Amazon on Tuesday said its Israel investment would top $7.2 billion through 2037 while also launching its Amazon Web Services (AWS) data centers in the country.
The expansion will bring AWS to 32 geographic regions, and boost Israel’s gross domestic product by $13.9 billion, the company said. Amazon estimates the new AWS region will support an average of 7,700 full-time jobs annually.
“The establishment of the region will enable us to migrate substantial government workloads to the cloud and we are confident that it will help us accelerate digital transformation in the public sector, leverage technology to drive innovation in the government, improve customer experience, and further the development of the technological ecosystem in Isreal,” Yali Rothenberg, accountant general of Israel, said in a statement.
Amazon will report second quarter earnings Thursday (Aug. 3) after trading closes, and analysts expect cloud sales to be a major contributor to the company’s report. If cloud sales stay on track, they could be the crown jewel in Amazon’s earnings report even as sales slow. In the first quarter of 2023, AWS netted sales of $21.4 billion, a 16% increase year-over-year. Zacks Consensus estimates AWS will report net sales of $21.5 billion for Q2, and that would be the slowest sales growth in years for the company.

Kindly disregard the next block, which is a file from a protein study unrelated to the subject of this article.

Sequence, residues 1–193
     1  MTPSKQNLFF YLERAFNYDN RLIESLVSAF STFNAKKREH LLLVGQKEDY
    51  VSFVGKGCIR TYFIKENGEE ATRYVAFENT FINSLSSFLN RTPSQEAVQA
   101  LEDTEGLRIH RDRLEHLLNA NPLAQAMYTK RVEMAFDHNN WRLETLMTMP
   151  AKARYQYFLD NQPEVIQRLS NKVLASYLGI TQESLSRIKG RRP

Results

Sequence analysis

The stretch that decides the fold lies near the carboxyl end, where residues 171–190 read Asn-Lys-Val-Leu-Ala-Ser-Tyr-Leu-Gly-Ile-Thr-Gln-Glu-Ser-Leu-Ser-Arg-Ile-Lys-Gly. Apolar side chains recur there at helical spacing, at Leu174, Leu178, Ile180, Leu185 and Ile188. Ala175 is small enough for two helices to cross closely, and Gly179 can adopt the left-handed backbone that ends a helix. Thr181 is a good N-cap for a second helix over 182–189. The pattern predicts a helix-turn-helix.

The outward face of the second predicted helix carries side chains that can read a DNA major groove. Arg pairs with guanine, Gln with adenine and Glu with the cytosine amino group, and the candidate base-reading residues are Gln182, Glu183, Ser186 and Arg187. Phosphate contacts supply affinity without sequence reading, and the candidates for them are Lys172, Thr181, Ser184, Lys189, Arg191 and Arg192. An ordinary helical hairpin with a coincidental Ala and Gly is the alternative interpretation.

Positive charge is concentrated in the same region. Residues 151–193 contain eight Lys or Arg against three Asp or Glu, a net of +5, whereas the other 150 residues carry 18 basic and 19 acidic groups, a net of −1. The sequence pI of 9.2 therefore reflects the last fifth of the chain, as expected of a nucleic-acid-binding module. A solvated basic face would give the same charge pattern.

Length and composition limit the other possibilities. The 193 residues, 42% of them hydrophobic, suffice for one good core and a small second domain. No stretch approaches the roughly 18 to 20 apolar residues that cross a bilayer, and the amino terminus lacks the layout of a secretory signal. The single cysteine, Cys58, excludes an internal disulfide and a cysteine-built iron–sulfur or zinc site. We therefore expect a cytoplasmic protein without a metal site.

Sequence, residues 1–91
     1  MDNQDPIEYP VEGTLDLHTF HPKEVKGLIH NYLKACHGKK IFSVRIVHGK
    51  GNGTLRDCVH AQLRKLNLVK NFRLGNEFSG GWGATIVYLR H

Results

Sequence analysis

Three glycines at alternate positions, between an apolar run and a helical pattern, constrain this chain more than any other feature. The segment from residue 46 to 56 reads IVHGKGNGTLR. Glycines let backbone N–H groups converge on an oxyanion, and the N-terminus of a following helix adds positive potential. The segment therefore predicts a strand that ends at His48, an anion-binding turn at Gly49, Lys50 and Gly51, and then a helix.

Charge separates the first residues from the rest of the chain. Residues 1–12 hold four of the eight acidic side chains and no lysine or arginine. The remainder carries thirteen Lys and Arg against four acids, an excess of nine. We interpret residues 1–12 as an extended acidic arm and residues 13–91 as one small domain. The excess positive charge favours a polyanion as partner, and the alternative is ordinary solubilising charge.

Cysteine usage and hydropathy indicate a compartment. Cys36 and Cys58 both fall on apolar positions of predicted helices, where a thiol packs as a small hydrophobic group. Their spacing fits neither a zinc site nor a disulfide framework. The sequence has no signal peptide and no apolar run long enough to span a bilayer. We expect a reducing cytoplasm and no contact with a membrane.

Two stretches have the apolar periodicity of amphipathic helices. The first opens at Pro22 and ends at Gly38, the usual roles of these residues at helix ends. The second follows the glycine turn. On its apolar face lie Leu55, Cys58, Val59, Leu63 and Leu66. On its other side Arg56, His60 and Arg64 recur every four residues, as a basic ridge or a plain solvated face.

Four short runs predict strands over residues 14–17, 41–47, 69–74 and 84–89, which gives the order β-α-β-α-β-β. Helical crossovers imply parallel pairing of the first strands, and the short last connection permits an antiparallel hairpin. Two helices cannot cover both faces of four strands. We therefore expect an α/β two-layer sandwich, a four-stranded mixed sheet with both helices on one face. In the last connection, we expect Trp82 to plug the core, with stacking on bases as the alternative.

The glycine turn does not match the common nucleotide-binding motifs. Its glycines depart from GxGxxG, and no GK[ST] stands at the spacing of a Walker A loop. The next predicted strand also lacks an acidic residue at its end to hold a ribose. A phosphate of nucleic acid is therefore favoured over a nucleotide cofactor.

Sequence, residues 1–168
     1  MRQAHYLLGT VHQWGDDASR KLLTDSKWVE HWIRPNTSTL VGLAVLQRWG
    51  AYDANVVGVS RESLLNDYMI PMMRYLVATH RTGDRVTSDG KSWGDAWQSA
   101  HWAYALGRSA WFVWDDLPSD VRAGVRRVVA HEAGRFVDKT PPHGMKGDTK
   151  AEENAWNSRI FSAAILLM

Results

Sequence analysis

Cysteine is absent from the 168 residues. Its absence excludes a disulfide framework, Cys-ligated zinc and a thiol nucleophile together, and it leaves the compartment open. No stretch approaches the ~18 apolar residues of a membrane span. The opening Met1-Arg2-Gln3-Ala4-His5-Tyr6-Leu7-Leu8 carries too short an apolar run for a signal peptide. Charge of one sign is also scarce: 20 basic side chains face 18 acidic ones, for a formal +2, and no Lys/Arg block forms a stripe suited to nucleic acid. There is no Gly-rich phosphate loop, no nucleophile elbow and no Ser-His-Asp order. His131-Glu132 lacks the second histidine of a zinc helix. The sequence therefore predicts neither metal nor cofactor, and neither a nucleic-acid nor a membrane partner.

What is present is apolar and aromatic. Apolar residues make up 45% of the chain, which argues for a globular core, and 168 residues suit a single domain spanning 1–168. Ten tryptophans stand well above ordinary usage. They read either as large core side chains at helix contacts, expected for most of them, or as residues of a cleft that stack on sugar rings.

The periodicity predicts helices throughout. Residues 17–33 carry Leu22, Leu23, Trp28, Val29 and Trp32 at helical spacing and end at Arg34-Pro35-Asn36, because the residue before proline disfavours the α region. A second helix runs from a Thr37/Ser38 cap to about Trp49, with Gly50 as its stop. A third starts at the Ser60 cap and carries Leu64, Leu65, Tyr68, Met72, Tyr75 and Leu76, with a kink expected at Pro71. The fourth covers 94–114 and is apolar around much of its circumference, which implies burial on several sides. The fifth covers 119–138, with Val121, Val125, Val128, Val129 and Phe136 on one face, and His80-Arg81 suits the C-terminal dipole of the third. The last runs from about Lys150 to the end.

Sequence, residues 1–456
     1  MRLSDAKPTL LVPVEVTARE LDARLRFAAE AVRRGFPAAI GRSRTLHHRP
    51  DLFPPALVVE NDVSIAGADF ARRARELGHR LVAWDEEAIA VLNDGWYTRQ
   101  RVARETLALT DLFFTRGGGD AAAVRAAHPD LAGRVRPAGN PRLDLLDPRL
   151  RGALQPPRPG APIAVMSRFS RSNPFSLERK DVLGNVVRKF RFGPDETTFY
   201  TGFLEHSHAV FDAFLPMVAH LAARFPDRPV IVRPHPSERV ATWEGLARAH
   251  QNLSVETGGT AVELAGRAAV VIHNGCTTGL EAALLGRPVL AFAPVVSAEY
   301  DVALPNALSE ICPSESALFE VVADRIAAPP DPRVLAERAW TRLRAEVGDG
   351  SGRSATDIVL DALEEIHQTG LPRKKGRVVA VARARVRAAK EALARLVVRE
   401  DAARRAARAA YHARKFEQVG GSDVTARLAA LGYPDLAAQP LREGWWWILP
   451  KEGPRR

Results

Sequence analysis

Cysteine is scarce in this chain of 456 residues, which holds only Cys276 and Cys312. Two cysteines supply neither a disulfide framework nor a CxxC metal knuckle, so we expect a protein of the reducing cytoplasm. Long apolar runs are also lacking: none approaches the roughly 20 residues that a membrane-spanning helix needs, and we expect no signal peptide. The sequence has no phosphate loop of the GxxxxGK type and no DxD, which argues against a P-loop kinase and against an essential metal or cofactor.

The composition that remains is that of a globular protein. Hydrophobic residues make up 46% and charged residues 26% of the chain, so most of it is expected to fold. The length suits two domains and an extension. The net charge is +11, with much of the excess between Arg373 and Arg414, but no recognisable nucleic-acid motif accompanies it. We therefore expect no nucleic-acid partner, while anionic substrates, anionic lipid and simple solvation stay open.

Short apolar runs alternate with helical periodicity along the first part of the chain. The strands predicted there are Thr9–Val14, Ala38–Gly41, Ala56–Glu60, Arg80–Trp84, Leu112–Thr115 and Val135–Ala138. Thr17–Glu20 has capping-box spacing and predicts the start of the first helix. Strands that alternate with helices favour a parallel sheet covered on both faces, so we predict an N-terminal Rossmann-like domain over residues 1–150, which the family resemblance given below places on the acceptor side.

“The launch of the AWS Region in Israel provides customers with the ability to build the most advanced cloud technology-based applications and achieve the highest levels of security, availability, and resilience,” Prasad Kalyanaraman, vice president of Infrastructure Services at AWS, said in a statement. “Israel’s strategy to promote technology innovation, along with its abundance of talent, has created a thriving global hub for entrepreneurs, e-governments, and multinational businesses.”
Amazon launched its online retail presence in Israel in 2019. In 2021, Israel signed deals with Google and AWS for more than $1 billion. In 2022, Google opened a local cloud region enabling cloud services for government and military officials.
AWS is planning more offerings in Canada, Malaysia, New Zealand, and Thailand.
AWS CEO Adam Selipsky took to social media to tout the new investment strategy. “The AWS Israel (Tel Aviv) Region is now open, giving customers greater choice for running their applications and security storing data in Israel while serving end users with even lower latency,” Selipsky said in a Tuesday post on LinkedIn.